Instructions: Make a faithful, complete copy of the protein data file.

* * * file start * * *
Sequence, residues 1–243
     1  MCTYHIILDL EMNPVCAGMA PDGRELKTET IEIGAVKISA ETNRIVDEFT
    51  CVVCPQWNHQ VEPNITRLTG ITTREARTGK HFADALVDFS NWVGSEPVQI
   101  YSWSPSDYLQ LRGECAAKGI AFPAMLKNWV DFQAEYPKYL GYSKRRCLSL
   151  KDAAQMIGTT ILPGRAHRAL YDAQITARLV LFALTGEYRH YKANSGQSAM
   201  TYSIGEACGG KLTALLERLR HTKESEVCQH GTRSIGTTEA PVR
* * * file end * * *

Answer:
Sequence, residues 1–243
     1  MCTYHIILDL EMNPVCAGMA PDGRELKTET IEIGAVKISA ETNRIVDEFT
    51  CVVCPQWNHQ VEPNITRLTG ITTREARTGK HFADALVDFS NWVGSEPVQI
   101  YSWSPSDYLQ LRGECAAKGI AFPAMLKNWV DFQAEYPKYL GYSKRRCLSL
   151  KDAAQMIGTT ILPGRAHRAL YDAQITARLV LFALTGEYRH YKANSGQSAM
   201  TYSIGEACGG KLTALLERLR HTKESEVCQH GTRSIGTTEA PVR